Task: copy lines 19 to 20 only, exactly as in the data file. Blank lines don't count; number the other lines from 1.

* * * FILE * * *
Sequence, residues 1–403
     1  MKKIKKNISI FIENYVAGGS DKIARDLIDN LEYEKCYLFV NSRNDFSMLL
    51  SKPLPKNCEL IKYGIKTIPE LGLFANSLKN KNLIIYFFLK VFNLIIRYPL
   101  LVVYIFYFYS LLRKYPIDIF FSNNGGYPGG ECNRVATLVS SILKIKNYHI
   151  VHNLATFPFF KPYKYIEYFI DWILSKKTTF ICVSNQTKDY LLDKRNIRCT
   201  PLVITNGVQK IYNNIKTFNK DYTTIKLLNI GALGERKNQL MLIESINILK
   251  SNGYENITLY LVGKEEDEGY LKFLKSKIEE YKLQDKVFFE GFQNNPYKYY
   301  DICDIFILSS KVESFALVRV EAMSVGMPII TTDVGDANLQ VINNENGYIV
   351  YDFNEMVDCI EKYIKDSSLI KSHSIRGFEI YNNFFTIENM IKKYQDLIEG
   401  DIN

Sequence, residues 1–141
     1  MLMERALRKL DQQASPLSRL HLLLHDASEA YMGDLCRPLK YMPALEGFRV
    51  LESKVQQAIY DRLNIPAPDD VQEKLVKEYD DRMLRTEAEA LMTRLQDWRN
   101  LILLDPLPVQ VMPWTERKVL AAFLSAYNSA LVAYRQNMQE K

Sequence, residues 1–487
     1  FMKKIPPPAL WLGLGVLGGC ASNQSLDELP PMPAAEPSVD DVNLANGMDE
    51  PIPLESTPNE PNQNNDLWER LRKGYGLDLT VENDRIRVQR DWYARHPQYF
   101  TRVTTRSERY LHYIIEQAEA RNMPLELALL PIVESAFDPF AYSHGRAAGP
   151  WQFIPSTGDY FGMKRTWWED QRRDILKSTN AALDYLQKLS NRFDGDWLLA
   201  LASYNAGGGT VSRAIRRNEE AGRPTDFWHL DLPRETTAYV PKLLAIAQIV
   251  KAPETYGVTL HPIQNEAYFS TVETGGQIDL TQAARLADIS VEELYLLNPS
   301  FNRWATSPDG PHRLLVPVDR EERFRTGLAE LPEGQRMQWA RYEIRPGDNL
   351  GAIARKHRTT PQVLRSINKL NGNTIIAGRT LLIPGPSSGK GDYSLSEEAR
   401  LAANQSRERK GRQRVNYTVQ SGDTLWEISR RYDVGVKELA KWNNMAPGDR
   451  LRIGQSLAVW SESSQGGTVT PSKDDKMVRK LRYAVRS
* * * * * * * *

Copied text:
   151  WQFIPSTGDY FGMKRTWWED QRRDILKSTN AALDYLQKLS NRFDGDWLLA
   201  LASYNAGGGT VSRAIRRNEE AGRPTDFWHL DLPRETTAYV PKLLAIAQIV